Efforts to reopen gym stymied, building owner says
June 9, 2008 · Updated 4:15 PM
Asking for his rent money or the freedom to lease the property, the co-owner of the former HMC building on Madison Avenue wants to evict the court-appointed receiver now managing the defunct gyms affairs.
And until the court takes action, Dick Bowen hints, the gym will not reopen.
Bowen, a Whidbey Island resident and president of the Landing on Bainbridge Island, has filed a motion asking Seattle federal judge Marsha Pechman to modify her order appointing a receiver for HMC/Znetix. The petition seeks to end a situation in which receiver Michael Grassmueck has possession of the building, but is not paying rent.
Several viable entities have approached me and have expressed a desire and ability to rent the premises, Bowen said in his affidavit.
Meanwhile, Brian Lewis, one of the last gym employees, told the Review this week that his attempts to reopen the facility under Grassmuecks oversight have failed.
I have the support of the community behind me, he said, but the receiver has cut me out altogether.
After Judge Pechman appointed Grassmueck as receiver on Feb. 14, he promptly closed the gym and installed new locks.
The property is one of a number formerly leased or owned by HMC/Znetix, which was placed under receivership amid charges that principals sold $90 million in unregistered stock and spent the money on cars, boats and homes for themselves.
Lewis, who was working at the gym when it was closed, said he volunteered to reopen it.
I called a number of the 1,936 members asking if they would contribute $20 per month towards operating capital, he said. Most of them said, Is that all you need?
But Lewis said Grassmueck could not find a source of operating capital, so the plan for a quick reopening faltered.
Grassmueck was en route to the island from Portland Tuesday morning, and could not be reached for comment. Bowen did not return repeated calls seeking comment.
One apparent obstacle is the monthly rent on the property, which Bowens court filing said has not been paid since the gym closed in February.
The total amount of rent and other charges due as of March 1 is $20,346.05 plus interest and attorney fees, Bowens affidavit said. The gym was paying $18,000 per month in rent, he said.
Additionally, Bowen said, HMC allowed two construction liens to be filed on the property for almost $77,000 for work that benefitted the property.
If those amounts are unpaid, the lien-holder may be able to force a judicial sale of the property, and satisfy the lien amounts out of the sale proceeds.
Bowens affidavit said that immediately after his appointment, Grassmueck planned to reopen the gym the proposal that apparently involved Lewis but would not agree to pay rent until April.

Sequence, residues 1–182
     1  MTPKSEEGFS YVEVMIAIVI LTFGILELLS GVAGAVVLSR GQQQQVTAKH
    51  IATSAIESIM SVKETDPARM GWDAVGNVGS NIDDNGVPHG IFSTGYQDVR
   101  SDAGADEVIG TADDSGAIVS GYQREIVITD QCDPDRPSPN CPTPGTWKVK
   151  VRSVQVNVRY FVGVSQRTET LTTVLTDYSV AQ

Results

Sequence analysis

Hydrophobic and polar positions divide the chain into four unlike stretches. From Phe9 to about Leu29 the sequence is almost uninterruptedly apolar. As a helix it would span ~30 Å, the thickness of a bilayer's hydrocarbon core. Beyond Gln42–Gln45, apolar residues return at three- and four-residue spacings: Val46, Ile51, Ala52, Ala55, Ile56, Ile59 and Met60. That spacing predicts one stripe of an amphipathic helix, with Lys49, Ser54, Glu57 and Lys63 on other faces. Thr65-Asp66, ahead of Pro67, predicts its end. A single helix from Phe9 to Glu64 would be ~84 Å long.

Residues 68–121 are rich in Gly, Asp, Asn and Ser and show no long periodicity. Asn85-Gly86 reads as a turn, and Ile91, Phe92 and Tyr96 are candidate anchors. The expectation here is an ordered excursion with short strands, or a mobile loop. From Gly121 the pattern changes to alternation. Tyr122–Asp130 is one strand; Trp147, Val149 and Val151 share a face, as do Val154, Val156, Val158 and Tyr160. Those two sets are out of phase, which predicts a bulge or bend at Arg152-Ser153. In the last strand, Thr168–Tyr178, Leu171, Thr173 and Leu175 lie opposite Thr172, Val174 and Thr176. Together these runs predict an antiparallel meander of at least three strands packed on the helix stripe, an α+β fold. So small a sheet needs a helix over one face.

Bowen said he did not accept the proposal, but was discussing it with his attorney. Grassmueck then rescinded the proposal, saying the gyms financial condition was worse than originally believed, the affidavit said.
He did not reopen the business on the weekend of Feb. 23 and told me that he would come back with another proposal asking for even more concessions from Landing, Bowen told the court. The clear message was that the Receivership estate cannot pay the rent now and may not be able to pay the rent in the future, Bowens affidavit said.
Bowens affidavit went on to say that his company a corporation owned by nine individuals is not interested in accepting any proposal that will allow the Receiver or anyone else to retain possession of the property without paying rent.
In his motion, Bowen asks Judge Pechman to modify her February order that prevents anyone from suing any of the entities for which a receiver was appointed pending further order of the court.
Grassmueck has said that after he has determined the assets and liabilities of the corporations, he will announce a date by which creditors must present their claims. Once claims are presented, the court will work out a scheme of distribution.
According to information Grassmueck has posted on the Znetix web site, which he now controls, there are more than 3,500 creditors of Znetix, HMC and other companies founded by Kevin Lawrence of Bainbridge Island.
The federal Securities and Exchange Commission has filed a civil suit against the companies, Lawrence and other individuals, claiming that they sold some $90 million in unregistered stock to 5,000 individuals through false and misleading statements.
At the behest of the SEC, Judge Pechman appointed Grassmueck as receiver of the companies, directing him to locate assets as part of a court-supervised dismantling of the companies.